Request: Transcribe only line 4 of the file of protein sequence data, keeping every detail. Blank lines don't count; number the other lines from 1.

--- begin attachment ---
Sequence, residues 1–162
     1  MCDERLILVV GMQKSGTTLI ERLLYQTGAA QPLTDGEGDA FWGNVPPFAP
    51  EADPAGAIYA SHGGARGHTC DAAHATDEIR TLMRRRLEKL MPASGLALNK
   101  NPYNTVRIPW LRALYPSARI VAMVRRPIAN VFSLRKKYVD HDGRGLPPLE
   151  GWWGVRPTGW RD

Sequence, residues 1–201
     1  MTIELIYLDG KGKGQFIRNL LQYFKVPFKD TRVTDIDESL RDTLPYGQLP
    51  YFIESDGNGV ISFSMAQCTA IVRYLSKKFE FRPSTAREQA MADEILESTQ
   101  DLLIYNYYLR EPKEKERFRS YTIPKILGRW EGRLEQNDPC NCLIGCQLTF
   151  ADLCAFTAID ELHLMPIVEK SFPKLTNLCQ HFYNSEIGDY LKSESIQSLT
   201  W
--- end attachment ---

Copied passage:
   101  NPYNTVRIPW LRALYPSARI VAMVRRPIAN VFSLRKKYVD HDGRGLPPLE